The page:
a poem | virus (English)

virus

¡dare! invade my body
as you wager… ¡go ahead!
¡celebrate! ¡believe your folly!
that you can win if i’m left dead.

what you don’t know
is what i know from experience:
after your sickening blow
you’ll weaken in futile resistance.

but even if you win
your joy will be ephemeral
and life much like the wind.
in sum, my body is your coffin
and with my funeral
yours begins.


virus is featured in Réquiem, by Luis S. González-Acevedo


a poem | Your Covid–19 Death Wish

Your Covid–19 Death Wish

–september 23, 2020–

May the universe grant you
the so-called freedom you seek.
My goal is not to change your foolish views,
nor rustic thoughts birthed by your feet.

May the grant be yours, and only yours.
And if George Washington prefers,
let him readily confer
such freedom and its idiocy,
as you bask in your delinquency
and stupidity of life without a mask.
For George, it’s an easy task.

Do you realize that we speak
of your suicide?
Your arrogance and trumpery1 at its peak…

Even more than simple homicide,
it’s the battery & murder of those you might infect.

God speaks to you, his-her-its message don’t reject:
let others live happily
with their masks under “oppression.”

But should you want to live satanically…
Well, as for you and your fetishized transgression,
may the angels see you as you are: a murderer,
an aggressor,
an ass, and the epitome of retrogression.


1Merriam-Webster’s Dictionary: worthless nonsense, trivial or useless articles –First Known Use: 15th century, Middle English (Scots) trompery deceit, from Middle French, from tromper to deceive.

1Oxford Dictionary: attractive articles of little value or use, practices or beliefs that are superficially or visually appealing but have little real value or worth, showy but worthless, delusive or shallow –Origin: late Middle English (denoting trickery): from Old French tromperie, from tromper ‘deceive’.


Your Covid–19 Death Wish is featured in Réquiem, by Luis S. González-Acevedo


un poema – a poem | Sereno – Dew

Sereno

Tus afectos hijos son de la noche
cuyo padre fallece en ocaso;
errantes sin haber quién reproche
su conducta en serenal espacio.

Cubre la faz de su alcance nocturno
como perro sabueso cazando el terreno;
esperando una flor que caiga en el trance sereno,
producto vital del nocturno veneno.

Por el día las aguas el sol evapora,
permitiéndole entrada al ambiente celeste;
es el manto nocturno quien las reincorpora
en rocío tardío, en sereno naciente.

Las tinieblas albergan la acuosa sustancia
que en el alba envuelve en porción al planeta;
para huertos, sembrados y flora ganancia;
de la noche señal de su muerte funesta.

El morir de la noche es el nacer del día,
siendo el alba partícipe del astral encuentro;
espera el ocaso con gran rebeldía
deseando tornar el rocío en sereno.

Deleitoso sereno que aguardas
con tu manto deseando amparar
a una fémina que esté abandonada,
que te ame y se deje amar.

El sol se hunde en las aguas,
la luna brota del mar,
y el sereno se abre las puertas
de alcobas de rosas que quieran amar.

Dew (loose translation)

Your affections are children of the night
whose father dies at sunset;
errant, with no one to reproach
their conduct in realms wet with dew.

Dew covers the face of its nocturnal reach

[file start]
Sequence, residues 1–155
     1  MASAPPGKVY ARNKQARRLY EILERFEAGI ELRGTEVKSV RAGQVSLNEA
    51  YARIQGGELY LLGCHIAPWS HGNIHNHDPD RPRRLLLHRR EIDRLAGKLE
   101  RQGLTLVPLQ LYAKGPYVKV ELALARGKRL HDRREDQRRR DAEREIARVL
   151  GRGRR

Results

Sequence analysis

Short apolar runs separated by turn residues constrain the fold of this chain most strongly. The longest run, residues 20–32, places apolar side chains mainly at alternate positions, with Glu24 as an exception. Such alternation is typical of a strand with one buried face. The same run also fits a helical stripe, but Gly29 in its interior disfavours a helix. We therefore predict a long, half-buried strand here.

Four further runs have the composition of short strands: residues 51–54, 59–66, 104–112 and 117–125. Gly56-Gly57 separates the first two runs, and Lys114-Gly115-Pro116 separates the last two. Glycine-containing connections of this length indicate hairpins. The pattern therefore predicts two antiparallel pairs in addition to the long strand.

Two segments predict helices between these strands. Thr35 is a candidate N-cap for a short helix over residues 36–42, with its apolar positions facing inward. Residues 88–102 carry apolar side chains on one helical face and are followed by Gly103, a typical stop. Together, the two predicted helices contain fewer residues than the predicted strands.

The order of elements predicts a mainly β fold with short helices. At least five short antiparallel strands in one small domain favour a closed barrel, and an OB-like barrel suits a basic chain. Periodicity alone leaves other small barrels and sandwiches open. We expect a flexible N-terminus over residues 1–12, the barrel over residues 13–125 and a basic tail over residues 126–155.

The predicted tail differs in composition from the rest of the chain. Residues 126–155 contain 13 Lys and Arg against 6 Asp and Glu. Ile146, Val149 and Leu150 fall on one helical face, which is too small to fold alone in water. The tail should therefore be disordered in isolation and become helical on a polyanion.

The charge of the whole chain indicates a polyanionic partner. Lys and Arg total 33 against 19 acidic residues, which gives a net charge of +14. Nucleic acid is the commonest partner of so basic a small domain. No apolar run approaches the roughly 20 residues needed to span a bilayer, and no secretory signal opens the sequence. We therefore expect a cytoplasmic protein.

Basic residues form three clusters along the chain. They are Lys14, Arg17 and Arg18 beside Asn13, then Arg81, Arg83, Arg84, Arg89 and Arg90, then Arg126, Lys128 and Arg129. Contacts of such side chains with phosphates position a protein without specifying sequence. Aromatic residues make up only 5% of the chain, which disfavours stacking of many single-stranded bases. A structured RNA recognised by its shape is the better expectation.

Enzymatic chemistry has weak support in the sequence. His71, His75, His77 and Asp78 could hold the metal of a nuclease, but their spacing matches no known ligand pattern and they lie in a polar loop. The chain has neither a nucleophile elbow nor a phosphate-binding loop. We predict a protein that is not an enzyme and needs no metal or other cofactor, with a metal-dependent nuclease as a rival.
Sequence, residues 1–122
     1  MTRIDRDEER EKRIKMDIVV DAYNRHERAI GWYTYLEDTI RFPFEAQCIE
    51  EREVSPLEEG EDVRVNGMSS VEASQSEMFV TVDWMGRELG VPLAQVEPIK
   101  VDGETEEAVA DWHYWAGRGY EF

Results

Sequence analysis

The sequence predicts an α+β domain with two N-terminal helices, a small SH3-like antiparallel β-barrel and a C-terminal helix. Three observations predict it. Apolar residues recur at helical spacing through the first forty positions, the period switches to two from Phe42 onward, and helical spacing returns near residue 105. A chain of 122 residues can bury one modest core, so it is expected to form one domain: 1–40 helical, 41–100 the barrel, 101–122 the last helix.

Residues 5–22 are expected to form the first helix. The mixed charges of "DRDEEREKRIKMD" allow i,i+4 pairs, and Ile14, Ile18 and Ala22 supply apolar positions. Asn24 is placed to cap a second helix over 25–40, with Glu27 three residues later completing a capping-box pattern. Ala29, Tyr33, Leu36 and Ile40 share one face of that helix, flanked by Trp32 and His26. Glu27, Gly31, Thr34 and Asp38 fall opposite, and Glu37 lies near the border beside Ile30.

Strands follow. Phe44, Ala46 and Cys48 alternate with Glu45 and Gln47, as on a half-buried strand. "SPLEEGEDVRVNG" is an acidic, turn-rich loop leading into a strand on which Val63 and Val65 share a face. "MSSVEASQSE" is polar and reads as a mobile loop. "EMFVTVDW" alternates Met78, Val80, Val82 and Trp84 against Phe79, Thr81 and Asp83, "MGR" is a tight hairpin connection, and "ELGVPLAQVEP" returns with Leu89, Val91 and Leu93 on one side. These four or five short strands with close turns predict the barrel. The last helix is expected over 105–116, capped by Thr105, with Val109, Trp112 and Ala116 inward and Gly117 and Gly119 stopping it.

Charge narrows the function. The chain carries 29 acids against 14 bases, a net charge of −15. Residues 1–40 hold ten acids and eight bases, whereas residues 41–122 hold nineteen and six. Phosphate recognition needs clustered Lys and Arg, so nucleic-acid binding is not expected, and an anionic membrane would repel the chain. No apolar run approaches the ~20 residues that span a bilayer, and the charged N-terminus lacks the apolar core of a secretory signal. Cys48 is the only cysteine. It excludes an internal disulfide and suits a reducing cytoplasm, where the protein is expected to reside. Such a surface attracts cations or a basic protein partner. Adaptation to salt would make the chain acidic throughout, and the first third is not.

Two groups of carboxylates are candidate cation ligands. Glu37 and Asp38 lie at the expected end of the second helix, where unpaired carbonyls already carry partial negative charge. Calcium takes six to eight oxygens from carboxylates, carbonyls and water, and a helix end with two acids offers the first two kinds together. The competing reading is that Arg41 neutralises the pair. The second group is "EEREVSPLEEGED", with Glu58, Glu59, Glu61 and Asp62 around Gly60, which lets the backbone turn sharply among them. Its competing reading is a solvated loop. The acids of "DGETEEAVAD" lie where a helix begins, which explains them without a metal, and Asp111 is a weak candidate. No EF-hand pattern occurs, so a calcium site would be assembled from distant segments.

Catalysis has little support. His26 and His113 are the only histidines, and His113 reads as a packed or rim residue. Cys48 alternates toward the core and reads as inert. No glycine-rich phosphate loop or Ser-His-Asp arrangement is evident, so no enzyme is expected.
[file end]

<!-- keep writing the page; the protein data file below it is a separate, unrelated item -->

like a bloodhound covers terrain;
waiting for a flower to fall in a serene trance,
vital symptom of its nocturnal venom.

During daylight, the sun evaporates the waters,
letting them enter the celestial environment.
The nocturnal protector reincorporates them
into late sprinklings, nascent dew.

Darkness shelters the liquid substance
that at dawn covers a portion of the planet:
profit for gardens, fields and floras;
but for the night, a sign of its terrible death.

Night’s death is day’s birth.
Dawn participates in the astral encounter.
Sunset awaits rebelliously,
intending to once again unleash its dew.

Delightful Dew:
with your lustful frock just dying to shelter
an abandoned female
who will love you and let herself be loved by you.

The sun submerges in waters,
the moon springs up from the sea,
and Dew opens the doors
to bedrooms of roses lusting for love.


Sereno se publicó en el poemario Poemas Caribeños, por Luis S. González-Acevedo

The loose translation –Dew– is featured in Caribbean Poet, by Luis S. González-Acevedo


a poem | May we have a home?

I dedicate this poem to those who have been denied a home because of race or ethnicity.

May we have a home?

The immigrants stood at their prospective landlord’s door in latent panic,
their only way to beg for an apartment
and secure their children’s smooth adjustment;
but they weren’t Anglo nor Germanic.
The couple was persistent. Caribbean Hispanics
battered by their circumstances and haggard
–yet intent on flying skyward.
But in the end, their mobile souls bled
when the soulless landlord said:
“I’m sorry, but you’re not the right Hispanic. –You know, European… Spaniards.”


May we have a home? is featured in Réquiem, by Luis S. González-Acevedo
The poem is also featured in Caribbean Poet, by Luis S. González-Acevedo


a poem | “Don’t spic English, I”

I dedicate this poem to those who without knowing a language have had to speak it...

“Don’t spic English, I”

Father told me, “Tell them…”
“I don’t speak English,”
because I understood the world in Spanish.
On a school day and acutely shy –ahem, ahem…
Reinventing grammar, I told them:
“Don’t speak English, I.”
The sentence was only close to right.
I could have died!
But like an outsider who would NOT be defeated,
my courageous little mouth and lips repeated:
“Jes! Don’t spic English, I.”


“Don’t spic English, I” is featured in Réquiem, by Luis S. González-Acevedo
The poem is also featured in Caribbean Poet, by Luis S. González-Acevedo